Based on hundreds of executive search candidate profiles, research by Boris Groysberg, a business administration professor at Harvard Business School who has studied law firms for 12 years, overwhelmingly found that once law firm professionals reach the C-suite level, technical and functional expertise matters much less than leadership skills. "With law firms you see disappear, it's [often] a lack of leadership that contributes to it," Groysberg says.

Strong leadership can make or break a firm. Nearly half of the failed organizations that consulting firm Hildebrandt examined in its 2004 report and 2008 white paper, "The Anatomy of Law Firm Failures," exhibited structural flaws, including unclear goals, strategies and leadership.

A strong grasp of business fundamentals

C-level law firm professionals need a broad skill set. "In corporations, people tend to be a specialist and lead an organization because they do cost cutting or efficiency or something else very, very well," Green says. "At a law firm, they may have to do all those things in a couple-year period."

Marketing and new business expertise, which isn't often imparted in law school, can be a particular issue. Eighty-five percent of the partners who participated in The American Lawyer's 2013 New Partner Survey said they generally felt prepared for their role; the majority who didn't identified one area - business development - as a concern.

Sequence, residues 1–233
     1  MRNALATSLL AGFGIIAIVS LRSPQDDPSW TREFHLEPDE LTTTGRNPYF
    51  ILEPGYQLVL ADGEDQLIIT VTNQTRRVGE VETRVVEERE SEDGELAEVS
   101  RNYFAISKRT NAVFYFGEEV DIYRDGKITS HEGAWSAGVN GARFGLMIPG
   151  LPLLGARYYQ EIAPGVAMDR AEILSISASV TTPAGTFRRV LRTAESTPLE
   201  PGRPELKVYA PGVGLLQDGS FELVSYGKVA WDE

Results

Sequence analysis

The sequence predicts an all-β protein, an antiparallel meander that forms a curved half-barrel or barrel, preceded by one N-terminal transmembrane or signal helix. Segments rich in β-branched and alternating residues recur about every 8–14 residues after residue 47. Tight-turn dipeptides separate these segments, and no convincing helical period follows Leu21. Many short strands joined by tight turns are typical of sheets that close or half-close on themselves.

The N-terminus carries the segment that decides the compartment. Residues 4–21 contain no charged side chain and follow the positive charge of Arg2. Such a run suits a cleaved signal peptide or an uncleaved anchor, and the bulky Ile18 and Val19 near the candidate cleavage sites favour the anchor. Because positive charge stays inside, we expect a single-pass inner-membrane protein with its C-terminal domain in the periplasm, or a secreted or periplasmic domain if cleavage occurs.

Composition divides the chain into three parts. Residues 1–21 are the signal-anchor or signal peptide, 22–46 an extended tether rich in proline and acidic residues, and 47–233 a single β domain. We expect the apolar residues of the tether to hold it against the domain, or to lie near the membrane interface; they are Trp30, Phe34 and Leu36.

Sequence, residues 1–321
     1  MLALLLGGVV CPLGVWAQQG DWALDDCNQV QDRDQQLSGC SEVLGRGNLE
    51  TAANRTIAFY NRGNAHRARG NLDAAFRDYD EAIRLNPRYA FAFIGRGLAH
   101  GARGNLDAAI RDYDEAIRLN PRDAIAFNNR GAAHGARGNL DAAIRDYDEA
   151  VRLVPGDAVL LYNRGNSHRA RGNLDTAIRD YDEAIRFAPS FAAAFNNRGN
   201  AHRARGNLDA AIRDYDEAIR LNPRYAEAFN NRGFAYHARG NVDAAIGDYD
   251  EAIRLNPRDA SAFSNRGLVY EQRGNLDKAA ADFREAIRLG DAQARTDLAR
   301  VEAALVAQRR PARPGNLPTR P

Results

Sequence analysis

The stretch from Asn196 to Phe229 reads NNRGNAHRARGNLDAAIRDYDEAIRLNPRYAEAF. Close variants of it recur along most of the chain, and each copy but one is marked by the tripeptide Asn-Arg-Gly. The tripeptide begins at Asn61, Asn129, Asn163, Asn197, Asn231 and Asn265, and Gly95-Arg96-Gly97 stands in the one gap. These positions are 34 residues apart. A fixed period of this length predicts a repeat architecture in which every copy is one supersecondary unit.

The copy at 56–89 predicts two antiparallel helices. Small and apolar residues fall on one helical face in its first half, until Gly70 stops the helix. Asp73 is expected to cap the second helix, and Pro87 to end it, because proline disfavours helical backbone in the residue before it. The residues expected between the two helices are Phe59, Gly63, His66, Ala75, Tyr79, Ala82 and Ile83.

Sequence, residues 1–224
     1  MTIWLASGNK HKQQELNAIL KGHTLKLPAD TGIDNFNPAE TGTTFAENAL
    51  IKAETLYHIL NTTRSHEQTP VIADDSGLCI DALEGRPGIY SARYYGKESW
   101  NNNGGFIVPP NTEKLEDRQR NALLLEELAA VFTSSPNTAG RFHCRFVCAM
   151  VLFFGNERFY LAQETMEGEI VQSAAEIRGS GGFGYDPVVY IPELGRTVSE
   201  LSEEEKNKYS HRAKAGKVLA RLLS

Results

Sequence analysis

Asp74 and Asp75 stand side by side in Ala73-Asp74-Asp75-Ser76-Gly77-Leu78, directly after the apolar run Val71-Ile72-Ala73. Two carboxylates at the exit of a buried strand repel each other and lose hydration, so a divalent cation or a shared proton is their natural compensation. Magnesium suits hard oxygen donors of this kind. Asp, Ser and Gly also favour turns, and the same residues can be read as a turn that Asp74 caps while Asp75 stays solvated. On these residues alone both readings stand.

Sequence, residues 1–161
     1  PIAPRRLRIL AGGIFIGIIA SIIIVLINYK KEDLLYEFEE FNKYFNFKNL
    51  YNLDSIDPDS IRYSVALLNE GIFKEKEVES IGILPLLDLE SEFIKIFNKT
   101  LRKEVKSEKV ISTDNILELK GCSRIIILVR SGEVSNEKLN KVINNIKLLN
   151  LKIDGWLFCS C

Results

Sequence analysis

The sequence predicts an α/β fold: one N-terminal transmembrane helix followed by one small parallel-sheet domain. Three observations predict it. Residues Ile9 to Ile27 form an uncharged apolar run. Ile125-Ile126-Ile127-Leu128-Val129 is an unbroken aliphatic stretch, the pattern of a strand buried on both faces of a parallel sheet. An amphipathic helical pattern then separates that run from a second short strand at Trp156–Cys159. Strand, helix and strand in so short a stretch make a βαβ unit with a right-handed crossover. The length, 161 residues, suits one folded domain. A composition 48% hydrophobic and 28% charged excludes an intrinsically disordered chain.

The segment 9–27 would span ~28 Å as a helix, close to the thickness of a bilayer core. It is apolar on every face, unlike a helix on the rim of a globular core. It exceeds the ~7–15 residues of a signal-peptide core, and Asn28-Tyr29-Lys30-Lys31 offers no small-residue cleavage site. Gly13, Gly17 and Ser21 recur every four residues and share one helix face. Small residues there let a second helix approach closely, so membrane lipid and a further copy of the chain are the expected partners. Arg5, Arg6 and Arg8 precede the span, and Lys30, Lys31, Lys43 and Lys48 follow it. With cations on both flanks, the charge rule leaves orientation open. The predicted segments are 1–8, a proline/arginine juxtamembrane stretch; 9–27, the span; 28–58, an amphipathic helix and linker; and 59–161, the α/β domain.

Viewing the firm on a broader scale

"Oftentimes, lawyers will expect the people supporting them or managing the firm to have skill sets that mirror their own skill sets," Byrne says. Non-lawyer executives instead need to examine the firm in a different way than the attorneys who are embedded in its day-to-day work.

"Firms are bringing in high-level leaders with strategic or specific experience to bring to the table, not just tactical and operational experience," Byrne says. "You need to be able to see the big picture, but dive deep into details when necessary."



Taking Byrne's above comment into consideration, what are some specific areas of training or expertise C-suite executives may need in addition to general business management techniques?

Technology and the C-level executive

In the coming years, C-suite executives will likely face increased technology needs that can range from locating the best time tracking software to maximizing the ways firms virtually interact with clients.

A recent Dell survey found that almost six-in-10 C-suite executives expect their IT function to change significantly during the next three years; 12 percent expect their organization to undergo a complete overhaul.

"Technology, outside of human capital, is one of the biggest costs and is often overlooked," says Scott Simmons, Managing Director of executive search firm Crist/Kolder Associates. "A few executives I've known who have gone into law firms found technology can be one of the biggest eye-openers."

To prepare for future law firm tech needs, C-suite executives should consider the following:

Integrate departments. Byrne and his directors try to meet with the firm's technology department directors every other week to discuss projects that involve knowledge management; communications and social media; and platforms that support how attorneys communicate with clients. "There really is a lot of overlap," Byrne says. "From the backend office situation, we all have to work together."